It wasn’t just animals, fruit and vegetables that were bartered at the fairs.
They were a labour exchange as well. John McNulty, aged 76, from Dromore near Manorcunningham, told this somewhat eerie tale to Isabel Bonner:
“The old mother was on the bed, and John was to hire a man for the harvest. He said he’d be to go to Lammas Fair of Strabane to hire a man. ‘If you go,’ said she, ‘I’ll be dead when you come back and if you hire a man I’ll not have him in the house.’ John went to Strabane and didn’t hire a man. She was dead when he came back. I missed hiring at the Lammas Fair too and John met me and hired me.
“I went to bed as I was tired and soon slept. John was in the town for a blade. Something woke me, and I was as wake as a wain. I saw her like through wire, with a wee white cap on her. She passed through the room to a loft at the back.
“I ran downstairs and me and John sat on the chairs till morning. I finished my time with John but slept at home.”
The fickle Irish weather was of great concern to the generations that farmed the land before us, and August was a time renowned for flooding. The inundations were know as the ‘Lammas Floods’.
Mr John Nelson, aged 58, gave the following account to An tSr. M. Beirín Ní Bhaoighill at Clochar na Trócaire, Carndonagh:
“About eighty years ago there was a great flood. It was on the Lammas Fair Day. The people could hardly get home from the fair with the big floods. The flood was that big on Strath river, it was a foot deep on the road. The men and women had to paddle through it coming from the fair.
“There was a man and woman coming from the fair and they were from...the Illies in Buncrana parish, and their names were Ned O’Doherty and Susan MacDaid, and they had to cross a bridge, and they were drowned.
“There was a windy night about forty five years ago. The roof of every thatch house was blown off. Slates and thatch were flying through the streets.”
A verse collected by teacher P. Ó Dochartaigh appears to refer to the same tragedy: ‘On to the rustic bridge, one more replaced; ‘For Lammas floods, with corps oft havoc play, ‘And e’en one swept the rustic bridge away. ‘O’er this quaint path, for generations, pass ‘The villagers to market and to Mass.’
Old pagan practices were replaced or transposed into Christian celebrations over hundreds of years.
Many of the testimonies refer to pilgrimages to Holy Wells and places on both Lammas Day and the Feast of the Assumption.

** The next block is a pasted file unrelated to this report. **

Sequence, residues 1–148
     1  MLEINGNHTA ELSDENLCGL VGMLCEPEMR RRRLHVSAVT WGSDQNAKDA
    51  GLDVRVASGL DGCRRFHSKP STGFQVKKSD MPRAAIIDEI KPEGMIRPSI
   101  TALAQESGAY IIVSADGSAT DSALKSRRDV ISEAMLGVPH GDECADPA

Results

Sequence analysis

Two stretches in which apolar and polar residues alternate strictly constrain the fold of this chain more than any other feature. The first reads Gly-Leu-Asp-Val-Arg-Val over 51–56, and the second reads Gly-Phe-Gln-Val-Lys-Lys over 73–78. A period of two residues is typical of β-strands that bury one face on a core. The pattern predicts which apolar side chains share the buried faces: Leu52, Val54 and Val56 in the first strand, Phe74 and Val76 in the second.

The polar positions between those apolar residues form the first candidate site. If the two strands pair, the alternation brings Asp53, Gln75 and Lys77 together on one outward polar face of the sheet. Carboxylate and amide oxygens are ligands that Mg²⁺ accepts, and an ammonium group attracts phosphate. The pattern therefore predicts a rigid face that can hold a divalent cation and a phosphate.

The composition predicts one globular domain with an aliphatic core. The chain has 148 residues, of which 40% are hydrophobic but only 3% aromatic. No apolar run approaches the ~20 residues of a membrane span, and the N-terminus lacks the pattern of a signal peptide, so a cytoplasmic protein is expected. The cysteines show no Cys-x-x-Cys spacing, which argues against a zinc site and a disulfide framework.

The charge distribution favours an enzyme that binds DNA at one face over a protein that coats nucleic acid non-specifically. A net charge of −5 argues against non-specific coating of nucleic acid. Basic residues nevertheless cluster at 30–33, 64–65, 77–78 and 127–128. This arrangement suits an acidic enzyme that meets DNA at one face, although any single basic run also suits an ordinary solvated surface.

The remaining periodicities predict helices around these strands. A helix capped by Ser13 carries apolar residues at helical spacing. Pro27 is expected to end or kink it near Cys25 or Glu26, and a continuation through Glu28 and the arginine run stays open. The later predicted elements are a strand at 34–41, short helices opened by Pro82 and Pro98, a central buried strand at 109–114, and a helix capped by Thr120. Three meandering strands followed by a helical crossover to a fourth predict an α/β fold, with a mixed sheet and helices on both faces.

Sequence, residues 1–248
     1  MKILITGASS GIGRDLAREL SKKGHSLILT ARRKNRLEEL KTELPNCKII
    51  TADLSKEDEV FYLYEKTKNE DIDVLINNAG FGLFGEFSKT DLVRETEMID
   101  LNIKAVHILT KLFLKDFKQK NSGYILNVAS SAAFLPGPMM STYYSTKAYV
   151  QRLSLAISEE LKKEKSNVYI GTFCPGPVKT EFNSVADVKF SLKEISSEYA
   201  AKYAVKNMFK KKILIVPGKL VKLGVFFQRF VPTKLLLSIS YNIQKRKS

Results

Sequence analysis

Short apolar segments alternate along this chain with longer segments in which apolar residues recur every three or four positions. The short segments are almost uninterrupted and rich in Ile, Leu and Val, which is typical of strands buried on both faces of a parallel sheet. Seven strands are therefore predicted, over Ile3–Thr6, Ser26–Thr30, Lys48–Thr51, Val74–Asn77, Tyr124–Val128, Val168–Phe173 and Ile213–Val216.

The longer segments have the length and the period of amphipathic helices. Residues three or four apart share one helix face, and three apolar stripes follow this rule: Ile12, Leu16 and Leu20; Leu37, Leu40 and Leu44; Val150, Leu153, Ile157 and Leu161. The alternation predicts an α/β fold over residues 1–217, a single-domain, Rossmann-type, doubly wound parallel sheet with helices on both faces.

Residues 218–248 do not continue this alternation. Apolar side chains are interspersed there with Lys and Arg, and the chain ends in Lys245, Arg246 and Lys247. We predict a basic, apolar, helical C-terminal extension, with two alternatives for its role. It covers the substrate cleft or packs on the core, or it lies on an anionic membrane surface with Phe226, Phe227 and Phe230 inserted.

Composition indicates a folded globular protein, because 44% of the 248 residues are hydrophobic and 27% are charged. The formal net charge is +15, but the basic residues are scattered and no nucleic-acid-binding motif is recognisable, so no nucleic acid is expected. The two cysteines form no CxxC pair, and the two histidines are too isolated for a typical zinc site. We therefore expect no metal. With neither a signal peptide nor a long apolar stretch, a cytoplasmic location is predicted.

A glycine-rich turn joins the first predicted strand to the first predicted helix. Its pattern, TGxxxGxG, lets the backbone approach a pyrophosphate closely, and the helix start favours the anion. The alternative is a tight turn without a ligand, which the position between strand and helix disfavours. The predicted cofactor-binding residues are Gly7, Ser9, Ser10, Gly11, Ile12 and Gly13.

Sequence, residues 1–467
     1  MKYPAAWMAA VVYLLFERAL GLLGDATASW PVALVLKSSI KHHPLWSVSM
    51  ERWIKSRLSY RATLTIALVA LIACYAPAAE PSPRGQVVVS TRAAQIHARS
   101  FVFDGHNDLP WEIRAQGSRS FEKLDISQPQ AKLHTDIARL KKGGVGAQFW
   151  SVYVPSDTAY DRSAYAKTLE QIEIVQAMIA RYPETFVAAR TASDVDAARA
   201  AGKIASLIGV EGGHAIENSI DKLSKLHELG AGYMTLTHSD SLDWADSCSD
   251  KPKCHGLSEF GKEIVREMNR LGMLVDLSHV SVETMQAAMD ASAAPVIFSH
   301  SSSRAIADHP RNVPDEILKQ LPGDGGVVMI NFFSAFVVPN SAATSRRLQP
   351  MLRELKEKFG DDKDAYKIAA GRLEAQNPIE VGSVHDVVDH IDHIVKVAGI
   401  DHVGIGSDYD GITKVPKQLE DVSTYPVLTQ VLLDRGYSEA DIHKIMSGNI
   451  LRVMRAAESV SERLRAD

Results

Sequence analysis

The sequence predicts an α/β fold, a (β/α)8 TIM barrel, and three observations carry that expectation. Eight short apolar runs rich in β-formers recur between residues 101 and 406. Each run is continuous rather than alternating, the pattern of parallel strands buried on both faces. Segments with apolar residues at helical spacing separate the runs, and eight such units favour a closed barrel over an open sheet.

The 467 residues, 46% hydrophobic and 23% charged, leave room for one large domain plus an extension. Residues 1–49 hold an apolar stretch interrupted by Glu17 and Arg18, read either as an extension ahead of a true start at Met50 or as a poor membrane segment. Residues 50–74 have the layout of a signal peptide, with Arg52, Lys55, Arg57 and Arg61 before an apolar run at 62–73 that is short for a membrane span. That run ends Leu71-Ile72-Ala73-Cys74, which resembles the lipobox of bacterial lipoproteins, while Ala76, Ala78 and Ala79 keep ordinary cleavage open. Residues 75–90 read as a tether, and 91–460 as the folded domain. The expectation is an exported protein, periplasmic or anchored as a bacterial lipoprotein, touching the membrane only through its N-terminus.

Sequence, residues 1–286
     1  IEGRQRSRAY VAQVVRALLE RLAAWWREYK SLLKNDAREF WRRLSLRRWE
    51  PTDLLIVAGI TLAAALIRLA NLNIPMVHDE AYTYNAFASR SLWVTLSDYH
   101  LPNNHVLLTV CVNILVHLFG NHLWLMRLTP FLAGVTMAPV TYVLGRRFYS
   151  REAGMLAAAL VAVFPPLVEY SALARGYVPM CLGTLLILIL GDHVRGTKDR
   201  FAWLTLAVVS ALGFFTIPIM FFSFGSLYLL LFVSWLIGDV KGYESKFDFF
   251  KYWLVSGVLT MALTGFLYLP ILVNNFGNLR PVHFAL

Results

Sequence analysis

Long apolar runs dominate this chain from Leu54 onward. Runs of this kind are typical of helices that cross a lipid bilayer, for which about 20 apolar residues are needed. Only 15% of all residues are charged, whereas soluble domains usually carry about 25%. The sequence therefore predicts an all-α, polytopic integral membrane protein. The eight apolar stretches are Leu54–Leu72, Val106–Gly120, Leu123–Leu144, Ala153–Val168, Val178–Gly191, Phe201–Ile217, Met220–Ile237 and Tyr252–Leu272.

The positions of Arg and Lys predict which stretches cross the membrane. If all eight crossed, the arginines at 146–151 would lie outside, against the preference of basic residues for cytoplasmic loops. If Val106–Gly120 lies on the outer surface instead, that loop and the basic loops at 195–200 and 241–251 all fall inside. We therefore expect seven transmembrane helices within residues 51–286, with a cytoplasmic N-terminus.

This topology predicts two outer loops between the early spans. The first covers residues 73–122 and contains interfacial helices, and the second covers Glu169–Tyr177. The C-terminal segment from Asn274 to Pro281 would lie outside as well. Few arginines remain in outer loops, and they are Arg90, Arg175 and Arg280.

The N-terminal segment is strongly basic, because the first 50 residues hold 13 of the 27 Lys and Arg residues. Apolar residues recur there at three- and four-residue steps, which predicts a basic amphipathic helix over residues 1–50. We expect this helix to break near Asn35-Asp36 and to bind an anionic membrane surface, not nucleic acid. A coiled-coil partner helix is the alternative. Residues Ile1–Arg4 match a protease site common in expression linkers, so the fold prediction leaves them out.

Kathleen Hegarty, of Lisnanees Lower near Letterkenny, was told that there was a Holy Well at Moyle Hill on the road to Milford and that the ‘days for visiting the well are the Sunday before Lammas and two Sundays after Lammas’.
Ailbhe Ó Conáin, from Falcarragh, got the following from 83-year-old Seán Ó Congaile, who would have been born in the 1850s:
“The first Monday in Lughnasa, and Mary’s Day in August and Mary’s Day in Autumn are when people make the trip to Fionnán Falls the most. Women and children were mostly going there these days. The old men go too.”
Another elderly man from Falcarragh, Seán Ua Fhearaigh, related: “They have a big day on August 15 in the choir of Naomh Finnen.
“There is a well in Gortahork which provides ring worm medicine. It was Saint Colmcille who came one night and knelt on a stone to say a prayer. When he got up, the footprints of his knees were in the stone.”
In Cruit Island in the Rosses, 50-year-old Róise Ní Ghallchóbhair, said: “There are two blessed wells here and they are located adjacent to the beach.
“On August 15 people go to these wells and pray for good luck. Young and old are there and they are making the trip. This is how the people make the trip. They say five prayers and five Hail Marys at one well, then they say the same thing at the other well.”
Nowadays many of the traditions have been lost but their echoes reverberate in the festivals, fairs, fleadhanna, feile and feasts held all over Ireland at this time of year. Prime examples include the Puck Fair in Killorglin which finishes today, and the famous Lammas Fair in Ballycastle, at the end of August.
And though not as internationally renowned as Hallowe’en, ‘Lugh’s assembly’, like Samhain (November) has permanent resonance in that it is the word we use to refer to the month of August. If you are assembling in memory of Lugh over the next few weeks spare a thought for poor old Balor.